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Performance analysis of Aquifer Thermal Energy Storage (ATES)

Fleuchaus, Paul, Schüppler, Simon, Godschalk, Bas, Bakema, Guido, Blum, Philipp
Renewable energy 2020 v.146 pp. 1536-1548
aquifers, carbon dioxide, cold, greenhouse gas emissions, heat, monitoring, planning, renewable energy sources, storage time, summer, temperature, thermal energy, wells, winter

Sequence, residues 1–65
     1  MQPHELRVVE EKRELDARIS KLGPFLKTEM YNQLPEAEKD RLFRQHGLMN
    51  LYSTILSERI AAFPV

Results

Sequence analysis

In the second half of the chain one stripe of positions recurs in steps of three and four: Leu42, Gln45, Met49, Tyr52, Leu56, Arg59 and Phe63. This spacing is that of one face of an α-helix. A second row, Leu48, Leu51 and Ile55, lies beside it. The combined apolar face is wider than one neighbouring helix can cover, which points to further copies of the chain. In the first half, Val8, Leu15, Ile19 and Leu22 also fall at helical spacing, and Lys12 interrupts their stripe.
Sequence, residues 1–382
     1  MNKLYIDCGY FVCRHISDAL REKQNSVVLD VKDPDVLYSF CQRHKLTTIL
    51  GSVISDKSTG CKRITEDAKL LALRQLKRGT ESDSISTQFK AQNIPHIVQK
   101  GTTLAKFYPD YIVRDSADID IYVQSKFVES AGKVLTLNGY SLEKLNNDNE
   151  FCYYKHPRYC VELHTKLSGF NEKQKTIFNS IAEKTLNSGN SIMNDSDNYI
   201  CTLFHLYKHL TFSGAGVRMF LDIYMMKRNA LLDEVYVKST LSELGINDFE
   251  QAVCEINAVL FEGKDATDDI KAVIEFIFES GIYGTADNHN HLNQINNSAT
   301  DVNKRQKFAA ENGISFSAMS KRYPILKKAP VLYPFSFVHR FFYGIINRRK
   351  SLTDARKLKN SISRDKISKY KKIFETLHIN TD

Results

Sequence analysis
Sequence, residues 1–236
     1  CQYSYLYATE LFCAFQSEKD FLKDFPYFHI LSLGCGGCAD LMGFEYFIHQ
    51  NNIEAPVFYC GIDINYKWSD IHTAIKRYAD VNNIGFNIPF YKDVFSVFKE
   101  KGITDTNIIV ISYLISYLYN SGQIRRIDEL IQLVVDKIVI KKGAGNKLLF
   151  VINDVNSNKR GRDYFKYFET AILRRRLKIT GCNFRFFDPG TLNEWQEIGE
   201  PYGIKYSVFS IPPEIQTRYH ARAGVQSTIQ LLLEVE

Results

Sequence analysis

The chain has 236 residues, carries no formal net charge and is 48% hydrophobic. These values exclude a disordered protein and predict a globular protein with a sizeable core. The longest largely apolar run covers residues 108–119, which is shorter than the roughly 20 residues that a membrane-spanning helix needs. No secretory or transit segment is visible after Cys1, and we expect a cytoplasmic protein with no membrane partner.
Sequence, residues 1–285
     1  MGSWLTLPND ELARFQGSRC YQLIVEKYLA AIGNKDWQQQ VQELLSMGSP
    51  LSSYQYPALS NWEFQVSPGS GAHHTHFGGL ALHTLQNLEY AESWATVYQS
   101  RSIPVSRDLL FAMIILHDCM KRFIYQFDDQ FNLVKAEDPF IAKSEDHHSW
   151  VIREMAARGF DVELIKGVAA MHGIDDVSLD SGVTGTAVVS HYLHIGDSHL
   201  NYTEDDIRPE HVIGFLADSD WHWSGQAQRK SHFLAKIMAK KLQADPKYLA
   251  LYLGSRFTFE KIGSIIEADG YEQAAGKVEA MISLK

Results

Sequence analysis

The objective of the current study is to assess the technical performance of Aquifer Thermal Energy Storage (ATES) based on the monitoring data from 73 Dutch ATES systems. With a total abstraction of 30.4 GWh heat and 31.8 GWh cold per year, the average annual amount of supplied thermal energy was measured as 932.8 MWh. The data analysis revealed only small thermal imbalances and small temperature losses during the storage period. The abstraction temperatures are around 10 and 15 °C during summer and winter, respectively. However, the temperature difference between the abstraction and injection wells is 3–4 K smaller compared to the optimal design value. This indicates insufficient interaction between the energy system and the subsurface by an inadequate charging of the aquifer. In addition, the amount of stored and abstracted thermal energy is approximately 50% lower than the capacities licensed by the authorities. This results in an unsustainable utilization of the subsurface. Even though ATES technology proved its enormous potential to significantly reduce CO2 emissions, the operation still can be optimized. This applies in particular to an adequate planning and maintenance of the building energy system and a more efficient use of the available subsurface space.